This document was called Arthika Darpana, and was a financial mirror of the ward-level activities, especially its finances. It was for the first time in the country that a civic agency was openly placing before its citizens a detailed report of all its activities. It led to transparency and accountability through a structured citizens’ participation and paved the way for the implicit acceptance of the idea of participation.

Lower down from the city-level, the RWAs from Padmanabhanagar area, which was then the largest and the most backward ward in the city, decided to form a federation of 42 RWAs to represent citizens.

In solidarity: A file photo of protesters opposing the construction of the steel flyover between Hebbal and Basaveshwara Circle during a campaign initiated by Citizens Against Steel Flyover.

In solidarity: A file photo of protesters opposing the construction of the steel flyover between Hebbal and Basaveshwara Circle during a campaign initiated by Citizens Against Steel Flyover.   | Photo Credit: K. MURALI KUMAR

In fact, the BMP in its annual report mentioned this as a pioneering effort and recognised it as the first of its kind in India.

The efforts in making Padmanabhanagar a well-developed ward in Bengaluru is well known.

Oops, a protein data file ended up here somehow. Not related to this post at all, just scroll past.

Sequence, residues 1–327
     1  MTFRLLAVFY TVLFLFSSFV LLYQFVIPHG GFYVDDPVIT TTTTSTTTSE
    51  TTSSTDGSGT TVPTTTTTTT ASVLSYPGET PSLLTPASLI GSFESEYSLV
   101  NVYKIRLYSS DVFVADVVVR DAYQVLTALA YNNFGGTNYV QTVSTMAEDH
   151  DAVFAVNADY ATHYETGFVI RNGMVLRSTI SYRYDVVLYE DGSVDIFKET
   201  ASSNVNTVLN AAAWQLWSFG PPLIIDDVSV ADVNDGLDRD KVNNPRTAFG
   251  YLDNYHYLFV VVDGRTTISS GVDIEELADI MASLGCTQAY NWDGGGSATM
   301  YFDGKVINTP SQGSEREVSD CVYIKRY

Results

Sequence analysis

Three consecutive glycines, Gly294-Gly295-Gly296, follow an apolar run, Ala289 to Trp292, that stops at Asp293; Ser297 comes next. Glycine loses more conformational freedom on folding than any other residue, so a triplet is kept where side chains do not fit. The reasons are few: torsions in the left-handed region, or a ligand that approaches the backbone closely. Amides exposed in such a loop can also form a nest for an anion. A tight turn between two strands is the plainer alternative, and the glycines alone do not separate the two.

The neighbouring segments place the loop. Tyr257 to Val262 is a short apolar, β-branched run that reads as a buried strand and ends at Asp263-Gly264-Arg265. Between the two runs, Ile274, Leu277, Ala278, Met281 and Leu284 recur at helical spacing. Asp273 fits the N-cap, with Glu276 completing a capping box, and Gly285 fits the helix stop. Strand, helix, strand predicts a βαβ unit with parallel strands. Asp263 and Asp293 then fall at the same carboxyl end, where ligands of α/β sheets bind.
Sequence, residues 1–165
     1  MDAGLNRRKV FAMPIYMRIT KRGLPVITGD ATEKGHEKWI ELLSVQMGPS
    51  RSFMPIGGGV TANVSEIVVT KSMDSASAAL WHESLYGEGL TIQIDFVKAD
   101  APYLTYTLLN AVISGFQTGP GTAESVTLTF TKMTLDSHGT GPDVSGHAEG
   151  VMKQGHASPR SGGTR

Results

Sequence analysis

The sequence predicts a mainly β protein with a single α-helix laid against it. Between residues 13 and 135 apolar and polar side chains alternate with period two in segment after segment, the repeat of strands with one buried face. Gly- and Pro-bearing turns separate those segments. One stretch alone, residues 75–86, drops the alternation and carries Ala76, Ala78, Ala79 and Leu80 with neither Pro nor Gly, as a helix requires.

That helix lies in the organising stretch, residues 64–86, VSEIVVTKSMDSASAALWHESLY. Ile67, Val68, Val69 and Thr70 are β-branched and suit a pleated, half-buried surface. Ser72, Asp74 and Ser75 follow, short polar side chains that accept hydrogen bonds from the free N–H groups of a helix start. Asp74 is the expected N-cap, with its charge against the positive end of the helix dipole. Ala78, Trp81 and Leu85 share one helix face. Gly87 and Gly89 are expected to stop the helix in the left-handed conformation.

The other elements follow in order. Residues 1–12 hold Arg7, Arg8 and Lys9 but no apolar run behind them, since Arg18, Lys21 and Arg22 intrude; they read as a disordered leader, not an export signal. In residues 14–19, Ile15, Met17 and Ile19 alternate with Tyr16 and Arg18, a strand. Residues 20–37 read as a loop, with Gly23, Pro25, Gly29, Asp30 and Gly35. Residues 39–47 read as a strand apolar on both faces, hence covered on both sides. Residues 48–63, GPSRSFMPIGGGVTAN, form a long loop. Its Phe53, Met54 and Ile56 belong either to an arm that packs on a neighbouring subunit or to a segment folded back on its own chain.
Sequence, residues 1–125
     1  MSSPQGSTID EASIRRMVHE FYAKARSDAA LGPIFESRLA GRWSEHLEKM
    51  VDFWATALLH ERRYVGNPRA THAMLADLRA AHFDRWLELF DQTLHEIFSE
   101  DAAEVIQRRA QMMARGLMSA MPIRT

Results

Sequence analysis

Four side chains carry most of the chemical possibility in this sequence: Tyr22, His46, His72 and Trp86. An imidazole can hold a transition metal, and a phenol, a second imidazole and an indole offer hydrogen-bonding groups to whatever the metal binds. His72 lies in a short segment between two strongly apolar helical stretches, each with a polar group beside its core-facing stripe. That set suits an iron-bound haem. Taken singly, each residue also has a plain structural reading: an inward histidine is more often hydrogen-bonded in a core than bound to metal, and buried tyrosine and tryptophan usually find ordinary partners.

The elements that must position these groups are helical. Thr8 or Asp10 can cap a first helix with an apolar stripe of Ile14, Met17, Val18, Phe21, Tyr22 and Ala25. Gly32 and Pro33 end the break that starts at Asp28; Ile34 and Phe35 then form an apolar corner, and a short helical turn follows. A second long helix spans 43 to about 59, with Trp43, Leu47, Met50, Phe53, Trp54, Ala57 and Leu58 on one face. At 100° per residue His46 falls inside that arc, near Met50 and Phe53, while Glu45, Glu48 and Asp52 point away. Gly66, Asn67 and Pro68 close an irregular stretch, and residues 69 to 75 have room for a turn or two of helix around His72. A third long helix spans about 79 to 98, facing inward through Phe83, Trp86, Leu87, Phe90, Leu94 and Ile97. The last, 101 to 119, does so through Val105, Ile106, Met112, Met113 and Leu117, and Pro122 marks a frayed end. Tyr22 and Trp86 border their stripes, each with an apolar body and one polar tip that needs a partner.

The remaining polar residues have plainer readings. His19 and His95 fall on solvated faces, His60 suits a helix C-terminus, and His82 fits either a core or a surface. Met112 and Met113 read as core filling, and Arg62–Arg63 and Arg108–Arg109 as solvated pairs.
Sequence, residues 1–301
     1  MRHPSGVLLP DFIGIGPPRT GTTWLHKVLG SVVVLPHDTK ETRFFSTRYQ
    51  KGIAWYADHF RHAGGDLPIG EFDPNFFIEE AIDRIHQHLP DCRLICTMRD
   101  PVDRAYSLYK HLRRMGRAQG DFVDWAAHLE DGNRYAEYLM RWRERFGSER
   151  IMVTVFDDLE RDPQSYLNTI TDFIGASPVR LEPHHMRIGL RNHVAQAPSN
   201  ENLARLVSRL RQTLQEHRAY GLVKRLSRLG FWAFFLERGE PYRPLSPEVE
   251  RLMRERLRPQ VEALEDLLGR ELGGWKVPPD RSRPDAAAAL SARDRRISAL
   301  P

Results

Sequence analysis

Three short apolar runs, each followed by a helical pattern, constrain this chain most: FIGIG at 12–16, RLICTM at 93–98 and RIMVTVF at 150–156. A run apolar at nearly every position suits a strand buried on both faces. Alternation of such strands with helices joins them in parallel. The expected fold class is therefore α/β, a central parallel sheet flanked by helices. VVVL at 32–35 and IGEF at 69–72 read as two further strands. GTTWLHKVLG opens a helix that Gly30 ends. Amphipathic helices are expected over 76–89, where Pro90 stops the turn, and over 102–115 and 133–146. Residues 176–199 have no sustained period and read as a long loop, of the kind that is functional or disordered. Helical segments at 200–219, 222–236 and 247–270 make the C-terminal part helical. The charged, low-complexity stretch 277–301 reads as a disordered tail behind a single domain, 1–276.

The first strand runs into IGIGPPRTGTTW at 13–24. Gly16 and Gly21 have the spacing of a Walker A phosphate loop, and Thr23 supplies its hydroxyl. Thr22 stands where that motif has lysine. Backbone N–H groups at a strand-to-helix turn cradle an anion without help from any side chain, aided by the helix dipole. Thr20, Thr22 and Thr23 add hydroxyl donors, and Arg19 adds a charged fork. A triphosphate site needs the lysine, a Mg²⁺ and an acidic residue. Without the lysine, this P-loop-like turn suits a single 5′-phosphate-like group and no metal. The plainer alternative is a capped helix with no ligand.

We surveyed the entire area of more than 12 sq. km and documented the status of civic amenities. The findings became the standard source of data even for the BMP. Similarly, many such federations, notably in Pillanna Garden Layout in the East, associations in the North East, and Sanjaynagar ward in the North were formed.

Birth of new forums

Many of us who were part of the Janaagraha movement broke away from the organisation and formed the Citizens’ Action Forum (CAF).

The reason was the difference in opinion as to what form the growth in civic activism should take. There were many who felt that ultimately, civic groups should try to get a share in the political power as a logical growth path. To achieve anything significant, this was inevitable.